Madame de la Chanterie now wore gray silk stockings and small prunella shoes; her gown was the same as before, but she was wrapped in a Venetian "mantua,"—a sort of cloak which was just then returning into fashion. On her head was a drawn bonnet of green silk, lined with white silk, of a style called /a la bonne femme/. Her face was framed by a cloud of lace. She held herself very erect, in an attitude which bespoke, if not noble birth, certainly the habits of an aristocratic life. Without the extreme affability of her manner, she might have seemed haughty; she was certainly imposing.

"It is the will of Providence rather than mere chance that has brought us here together, monsieur," she said to Godefroid; "for I had almost decided to refuse a lodger whose ways of life seemed to me quite antipathetic to those of my household; but Monsieur Mongenod has just given me some information about your family which—"

"Ah, madame,—monsieur!" said Godefroid, addressing both Madame de la Chanterie and the banker, "I have no longer a family; and I have come here now to ask some financial advice of my father’s business advisers as to the best method of adapting my means to a new way of life."

Godefroid then succinctly, and in as few words as possible, related his history, and expressed his desire to change his existence.

"Formerly," he said, "a man in my position would have made himself a monk; but there are no longer any religious orders."

"Go and live with madame, if she is willing to take you," said Frederic Mongenod, after exchanging a glance with Madame de la Chanterie, "and do not sell out your property; leave it in my hands. Give me the exact amount of your debts; I will agree with your creditors for payment at certain dates, and you can have for yourself about a hundred and fifty francs a month. It will thus take two years to clear you. During those two years, if you take those quiet lodgings, you will have time to think of a career, especially among the persons with whom you will live, who are all good counsellors."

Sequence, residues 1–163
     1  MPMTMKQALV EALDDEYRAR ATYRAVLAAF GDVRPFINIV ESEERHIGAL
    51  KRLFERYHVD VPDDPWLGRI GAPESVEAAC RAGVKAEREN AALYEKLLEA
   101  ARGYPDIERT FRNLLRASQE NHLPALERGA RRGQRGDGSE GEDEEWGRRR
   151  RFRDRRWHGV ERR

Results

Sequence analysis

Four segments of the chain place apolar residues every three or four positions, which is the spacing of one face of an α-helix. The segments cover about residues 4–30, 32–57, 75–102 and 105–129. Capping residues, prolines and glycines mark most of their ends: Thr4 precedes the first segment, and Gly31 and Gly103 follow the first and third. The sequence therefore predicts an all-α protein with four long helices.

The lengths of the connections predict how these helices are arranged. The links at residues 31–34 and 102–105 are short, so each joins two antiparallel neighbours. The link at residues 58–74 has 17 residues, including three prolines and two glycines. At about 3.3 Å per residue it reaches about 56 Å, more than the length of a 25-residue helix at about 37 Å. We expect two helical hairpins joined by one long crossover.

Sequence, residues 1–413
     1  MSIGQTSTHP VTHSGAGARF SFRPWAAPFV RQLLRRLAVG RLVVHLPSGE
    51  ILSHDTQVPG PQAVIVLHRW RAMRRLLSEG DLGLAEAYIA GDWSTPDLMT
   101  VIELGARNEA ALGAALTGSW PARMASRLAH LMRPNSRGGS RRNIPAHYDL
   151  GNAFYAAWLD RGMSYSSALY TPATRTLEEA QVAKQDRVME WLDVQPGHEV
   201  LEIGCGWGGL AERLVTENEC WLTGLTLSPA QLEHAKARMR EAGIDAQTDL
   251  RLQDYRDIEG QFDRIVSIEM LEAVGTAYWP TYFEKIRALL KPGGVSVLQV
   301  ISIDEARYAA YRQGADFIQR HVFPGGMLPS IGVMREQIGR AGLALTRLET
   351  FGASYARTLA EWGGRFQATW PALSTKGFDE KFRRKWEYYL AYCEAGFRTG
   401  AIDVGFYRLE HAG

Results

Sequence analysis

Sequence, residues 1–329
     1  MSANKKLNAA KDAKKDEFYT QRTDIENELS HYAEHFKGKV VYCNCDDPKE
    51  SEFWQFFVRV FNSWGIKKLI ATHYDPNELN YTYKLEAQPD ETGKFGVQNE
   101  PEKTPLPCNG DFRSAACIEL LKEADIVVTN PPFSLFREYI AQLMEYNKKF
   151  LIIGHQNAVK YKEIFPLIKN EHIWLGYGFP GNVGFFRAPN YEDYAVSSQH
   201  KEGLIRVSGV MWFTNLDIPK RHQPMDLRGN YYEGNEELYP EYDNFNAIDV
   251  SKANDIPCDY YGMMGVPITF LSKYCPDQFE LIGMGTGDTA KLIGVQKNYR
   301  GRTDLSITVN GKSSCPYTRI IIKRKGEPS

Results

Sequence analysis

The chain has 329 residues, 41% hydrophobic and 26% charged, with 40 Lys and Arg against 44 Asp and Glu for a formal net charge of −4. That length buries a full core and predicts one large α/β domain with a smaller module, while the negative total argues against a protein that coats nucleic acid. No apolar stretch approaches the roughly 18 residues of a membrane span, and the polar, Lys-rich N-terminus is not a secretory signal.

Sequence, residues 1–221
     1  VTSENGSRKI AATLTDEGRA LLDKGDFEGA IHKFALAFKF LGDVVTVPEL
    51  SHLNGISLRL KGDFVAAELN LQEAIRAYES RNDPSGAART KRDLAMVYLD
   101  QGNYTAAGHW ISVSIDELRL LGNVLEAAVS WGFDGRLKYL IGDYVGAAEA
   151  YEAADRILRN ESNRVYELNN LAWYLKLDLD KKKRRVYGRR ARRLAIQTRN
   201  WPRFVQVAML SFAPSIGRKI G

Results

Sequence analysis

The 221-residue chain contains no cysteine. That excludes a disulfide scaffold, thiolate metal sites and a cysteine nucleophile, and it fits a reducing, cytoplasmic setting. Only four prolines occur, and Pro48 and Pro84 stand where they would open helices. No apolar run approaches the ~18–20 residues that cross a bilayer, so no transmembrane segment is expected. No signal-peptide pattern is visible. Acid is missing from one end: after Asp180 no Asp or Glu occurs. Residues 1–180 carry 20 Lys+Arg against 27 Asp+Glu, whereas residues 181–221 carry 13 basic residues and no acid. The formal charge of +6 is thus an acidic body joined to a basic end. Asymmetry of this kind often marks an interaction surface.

Here Louis Mongenod returned, bringing in his hand a hundred notes of a thousand francs each, which he gave to Madame de la Chanterie. Godefroid offered his arm to his future hostess, and took her down to the hackney-coach which was waiting for her.

"I hope I shall see you soon, monsieur," she said in a cordial tone of voice.

"At what hour shall you be at home, madame?" he asked.

"At two o’clock."

"I shall have time to sell my furniture," he said, as he bowed to her.

During the short time that Madame de la Chanterie’s arm rested upon his as they walked to the carriage, Godefroid could not escape the glamour of the words: "Your account is for sixteen hundred thousand francs!"—words said by Louis Mongenod to the woman whose life was spent in the depths of the cloisters of Notre-Dame. The thought, "She must be rich!" entirely changed his way of looking at the matter. "How old is she?" he began to ask himself; and a vision of a romance in the rue Chanoinesse came to him. "She certainly has an air of nobility! Can she be concerned in some bank?" thought he.

In our day nine hundred and ninety-nine young men out of a thousand in Godefroid’s position would have had the thought of marrying that woman.